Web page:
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Publication Detail
Prevalence and correlates of receipt by smokers of GP advice on smoking cessation in England: a cross-sectional survey of adults.
Abstract
BACKGROUND/AIMS: Advice from a general practitioner (GP) can encourage smokers to quit. This study aimed to estimate the prevalence and correlates of receipt of GP advice on smoking, what type of advice and support was offered, and characteristics and quitting activity associated with different types of advice. DESIGN/SETTING: Data were collected between 2016 and 2019 in a series of monthly cross-sectional surveys of representative samples of the adult population in England. PARTICIPANTS: 11,588 past-year smokers. MEASUREMENTS: Participants reported whether they had received advice or offer of support for smoking cessation from their GP in the last year. Sociodemographic and behavioural characteristics and past-year quit attempts and cessation were also recorded. FINDINGS: One in two (47.2%, 95%CI 46.1-48.3%) past-year smokers who reported visiting their GP in the last year recalled receiving advice on smoking and one in three (30.1%, 95%CI=29.1-31.1%) reported being offered cessation support. The most common form of support offered was stop smoking services (16.5%, 95%CI=15.7-17.3%) followed by prescription medication (8.1%, 95%CI=7.5-8.7%); 3.7% (95%CI 3.3-4.1%) reported having been recommended to use e-cigarettes. Smokers who were older, non-white, more addicted, and smoked ≥5 cigarettes/day had consistently higher odds of receiving advice or support. There were some differences by region, housing tenure, presence of children in the home, and high-risk drinking in the types of advice/support received. There were no significant differences by sex, occupational social grade, disability, type of cigarettes smoked, or survey year. Advice with any offer of support was associated with higher odds of attempting to quit than advice alone (ORadj =1.52, 95%CI=1.30-1.76). Advice alone was associated with higher odds of quit attempts than no advice in smokers with higher (ORadj =1.34, 95%CI=1.10-1.64) but not lower occupational social grade (ORadj =0.90, 95%CI=0.75-1.08). CONCLUSIONS: In England, a minority of smokers receive support from their GP to stop smoking. Those who do are more likely to be older, non-white, and more addicted to cigarettes. Advice plus offer of support appears to be associated with increased odds of making a quit attempt while advice without offer of support appears only to be associated with increased odds of making a quit attempt in higher occupational social grade smokers.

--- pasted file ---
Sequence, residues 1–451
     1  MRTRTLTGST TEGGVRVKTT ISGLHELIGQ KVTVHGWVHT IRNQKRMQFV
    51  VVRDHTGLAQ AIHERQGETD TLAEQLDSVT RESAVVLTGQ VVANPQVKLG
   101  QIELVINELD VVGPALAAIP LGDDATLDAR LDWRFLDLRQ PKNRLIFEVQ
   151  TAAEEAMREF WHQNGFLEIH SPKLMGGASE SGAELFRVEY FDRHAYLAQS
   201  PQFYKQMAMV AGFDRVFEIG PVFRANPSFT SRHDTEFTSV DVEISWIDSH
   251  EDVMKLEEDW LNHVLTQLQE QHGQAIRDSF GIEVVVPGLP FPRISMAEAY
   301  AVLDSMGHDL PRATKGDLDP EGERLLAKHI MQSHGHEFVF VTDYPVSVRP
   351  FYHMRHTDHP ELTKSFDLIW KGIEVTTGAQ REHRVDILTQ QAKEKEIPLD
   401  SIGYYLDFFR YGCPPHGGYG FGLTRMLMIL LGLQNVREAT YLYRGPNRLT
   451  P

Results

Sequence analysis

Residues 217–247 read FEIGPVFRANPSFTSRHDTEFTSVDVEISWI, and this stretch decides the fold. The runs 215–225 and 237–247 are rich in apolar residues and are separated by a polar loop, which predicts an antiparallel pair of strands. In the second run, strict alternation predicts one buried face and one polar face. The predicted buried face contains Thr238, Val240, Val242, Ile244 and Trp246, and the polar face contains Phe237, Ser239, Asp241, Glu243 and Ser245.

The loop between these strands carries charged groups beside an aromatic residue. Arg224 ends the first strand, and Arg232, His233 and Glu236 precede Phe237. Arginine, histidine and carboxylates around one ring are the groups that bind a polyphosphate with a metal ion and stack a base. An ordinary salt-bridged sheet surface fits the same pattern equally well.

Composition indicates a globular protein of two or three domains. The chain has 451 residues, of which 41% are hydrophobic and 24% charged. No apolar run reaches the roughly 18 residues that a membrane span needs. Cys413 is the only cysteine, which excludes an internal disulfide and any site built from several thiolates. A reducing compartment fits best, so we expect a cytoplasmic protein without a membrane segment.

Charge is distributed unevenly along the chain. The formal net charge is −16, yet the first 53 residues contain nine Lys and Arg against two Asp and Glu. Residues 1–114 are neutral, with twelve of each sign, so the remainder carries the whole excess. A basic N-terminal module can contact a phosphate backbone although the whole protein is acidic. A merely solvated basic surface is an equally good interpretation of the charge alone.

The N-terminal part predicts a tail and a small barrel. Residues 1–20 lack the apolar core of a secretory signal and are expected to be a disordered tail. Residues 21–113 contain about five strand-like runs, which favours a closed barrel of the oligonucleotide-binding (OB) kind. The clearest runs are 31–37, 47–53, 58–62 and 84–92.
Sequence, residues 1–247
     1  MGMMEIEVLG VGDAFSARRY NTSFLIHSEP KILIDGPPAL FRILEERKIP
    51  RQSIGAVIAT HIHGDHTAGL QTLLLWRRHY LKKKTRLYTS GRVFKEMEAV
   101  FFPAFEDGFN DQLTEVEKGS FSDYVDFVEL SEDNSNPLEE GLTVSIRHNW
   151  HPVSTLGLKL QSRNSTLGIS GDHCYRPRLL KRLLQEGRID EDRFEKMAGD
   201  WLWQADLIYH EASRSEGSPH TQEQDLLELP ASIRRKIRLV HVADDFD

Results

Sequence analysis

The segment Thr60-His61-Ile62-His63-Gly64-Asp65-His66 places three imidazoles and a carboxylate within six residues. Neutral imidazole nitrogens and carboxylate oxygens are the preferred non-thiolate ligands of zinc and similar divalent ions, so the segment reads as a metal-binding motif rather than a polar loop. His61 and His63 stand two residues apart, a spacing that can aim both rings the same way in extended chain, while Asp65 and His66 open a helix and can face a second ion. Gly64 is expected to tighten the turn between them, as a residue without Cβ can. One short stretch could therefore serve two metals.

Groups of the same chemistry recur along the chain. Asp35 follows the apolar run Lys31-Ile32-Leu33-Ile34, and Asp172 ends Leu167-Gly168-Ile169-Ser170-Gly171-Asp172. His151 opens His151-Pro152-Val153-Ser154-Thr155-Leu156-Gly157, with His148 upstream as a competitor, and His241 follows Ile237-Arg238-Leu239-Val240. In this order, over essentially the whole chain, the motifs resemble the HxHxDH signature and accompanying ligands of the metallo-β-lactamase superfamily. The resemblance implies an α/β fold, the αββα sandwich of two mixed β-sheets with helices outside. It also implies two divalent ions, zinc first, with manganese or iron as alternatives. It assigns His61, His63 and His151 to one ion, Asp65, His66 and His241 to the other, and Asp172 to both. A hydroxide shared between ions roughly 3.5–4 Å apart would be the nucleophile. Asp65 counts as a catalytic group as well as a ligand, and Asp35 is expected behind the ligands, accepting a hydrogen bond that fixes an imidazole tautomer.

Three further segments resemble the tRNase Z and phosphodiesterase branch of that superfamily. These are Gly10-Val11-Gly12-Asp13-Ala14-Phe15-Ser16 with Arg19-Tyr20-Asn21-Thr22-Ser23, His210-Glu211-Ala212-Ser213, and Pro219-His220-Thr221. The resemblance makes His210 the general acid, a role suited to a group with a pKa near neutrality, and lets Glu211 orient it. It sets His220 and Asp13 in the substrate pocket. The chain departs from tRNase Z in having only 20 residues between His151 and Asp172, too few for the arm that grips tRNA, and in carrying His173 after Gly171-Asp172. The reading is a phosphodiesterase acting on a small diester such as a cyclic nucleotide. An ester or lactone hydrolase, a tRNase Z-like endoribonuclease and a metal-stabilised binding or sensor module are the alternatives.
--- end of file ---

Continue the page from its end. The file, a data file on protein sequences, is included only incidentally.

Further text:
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Behavioural Science and Health
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